The Grand Canyon: on the edge in amazing Arizona

I very quickly learnt that this is the norm in LA, where the infrastructure is designed to make it car-centric and anti-pedestrian.

The distinctive, and dangerous, Joshua Tree in Joshua Tree National Park.
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By the time I had reached Malibu on the drive towards Los Angeles, traffic had almost come to a standstill. I very quickly learnt that this is the norm in LA, where the infrastructure is designed to make it car-centric and anti-pedestrian. This instantly gave the city a less welcoming personality than the others I had visited so far. Aside from a great session of people-watching as I walked along the coastal boardwalk stretching from Santa Monica to Venice Beach (a melting pot for exhibitionists and street entertainers), LA left me with little reason to return.

I spent one afternoon at LA's Getty Centre in Brentwood - a museum with a permanent collection of pre-20th-century painting and sculptures, including some Van Gogh pieces. More enjoyable than the museum itself were the tram to get there and the great bird's-eye views of the city and Hollywood Hills from the centre's gardens. There is no charge for admission or the tram ride. Sunset Boulevard (the famous street paved with Hollywood Stars) is fairly run down. Ten minutes away, however, are the gated mansions of Beverly Hills. Much of the city was like this; a mish-mash of highways connecting one run-down road to another palm-tree planted driveway. The glitz and glamour of Hollywood, it seems, is better observed on the screen than in Hollywood itself.

After my first two weeks of beach-hopping, I was heading inland towards Arizona to see the Grand Canyon. The most obvious pit stop (and where most canyon tours operate from) was Las Vegas. For a place known as a city of sin, I was surprised at the large number of families and young children I saw there. Competition along the Strip means you can usually stay in a top hotel for a very reasonable price, especially on a weeknight. Aside from the vices Vegas is famous for, there are shows, music, pools and huge shopping centres that cater to all tastes. Even walking along the Strip, observing the mix of characters and street entertainers, is an activity in itself. Vegas is a fluorescent 24-hour human circus that every visitor is a part of.

Vegas was full of tour operators offering trips to the Grand Canyon. Hotels offer overpriced tours for approximately $400 (Dh1,470), but I found a great direct deal online for $199 that included a propeller plane flight over Hoover Dam and Vegas to the Grand Canyon, with airport pickup/drop-off. When I woke up at 4.30am to catch my flight the streets of Las Vegas were still swarming with crowds of people - there really is no other place like Vegas. I viewed the Canyon from the Western Rim, owned by the Hualapai (a tribe of Native Americans). There were no barriers, which meant I was free to stand as close to the edge as my courage would let me. I found a quiet spot and sat on the edge of the Grand Canyon. As far as my eyes could see, this natural wonder stretched to infinity in both directions.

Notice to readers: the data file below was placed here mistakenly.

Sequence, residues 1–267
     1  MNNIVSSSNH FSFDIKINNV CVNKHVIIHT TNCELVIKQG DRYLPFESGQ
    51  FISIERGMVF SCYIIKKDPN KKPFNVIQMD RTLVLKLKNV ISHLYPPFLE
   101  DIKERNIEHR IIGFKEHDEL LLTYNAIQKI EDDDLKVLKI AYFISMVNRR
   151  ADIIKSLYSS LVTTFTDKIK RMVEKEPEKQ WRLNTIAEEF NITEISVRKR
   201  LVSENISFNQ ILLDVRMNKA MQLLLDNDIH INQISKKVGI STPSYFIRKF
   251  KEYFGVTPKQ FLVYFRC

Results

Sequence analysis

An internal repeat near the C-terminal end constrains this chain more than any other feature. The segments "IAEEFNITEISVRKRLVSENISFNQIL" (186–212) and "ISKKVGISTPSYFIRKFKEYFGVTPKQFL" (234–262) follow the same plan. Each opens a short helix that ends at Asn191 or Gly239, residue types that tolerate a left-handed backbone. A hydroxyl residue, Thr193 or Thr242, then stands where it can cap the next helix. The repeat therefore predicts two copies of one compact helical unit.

With a few more days to go in the US, I continued to make my way to San Diego through the Mojave desert and Joshua Tree National Park. Once again, California's diversity impressed me. I came across vast salt flats and intimidating cacti along the highway. Half-way to San Diego, the city of 29 Palms, located next to the largest US Marines base, was a good place to stop to explore the desert region. The 29 Palms Inn was one of the most memorable places I have stayed on this trip. The rooms are standalone eco-friendly desert cabins, each named after a local wild flower, and the hotel is run by the second-generation owner and a friendly ex-Marine, Bill. Complete with a pool, desert lawns, hippie restaurant, cosy home atmosphere and helpful staff, it's well worth a visit ($55 per head including breakfast and Wi-Fi). Bookings do need to be made in advance and plenty of the Hollywood A-listers also book themselves into this great inn as a break from LA.

San Diego was the grand finale to my North America travels. Its eclectic mix of cultures struck me instantly and, similar to San Francisco, downtown was easily navigable. Its close proximity to the border has given the city a reputation (well deserved, I found out) for some of the best Mexican food outside of Mexico. I spent one afternoon at Mission Beach, a bustling beach with a distinct personality, full of second-hand shops, independent cafes and street performers. Mission Beach's popularity was evident when I passed a wedding being set up on the beach. Sadly, I couldn't spend more time exploring San Diego as I had a plane to catch to my next continent.

I'm writing this aboard a 15-hour flight to Sydney crossing the Pacific Ocean and the International Date Line. Qantas have just served hot chocolate to all the passengers, with a giant marshmallow placed on top - I can't wait to reach Australia!

Next week: Ismat sounds out Sydney as she continues her round-the-world adventure.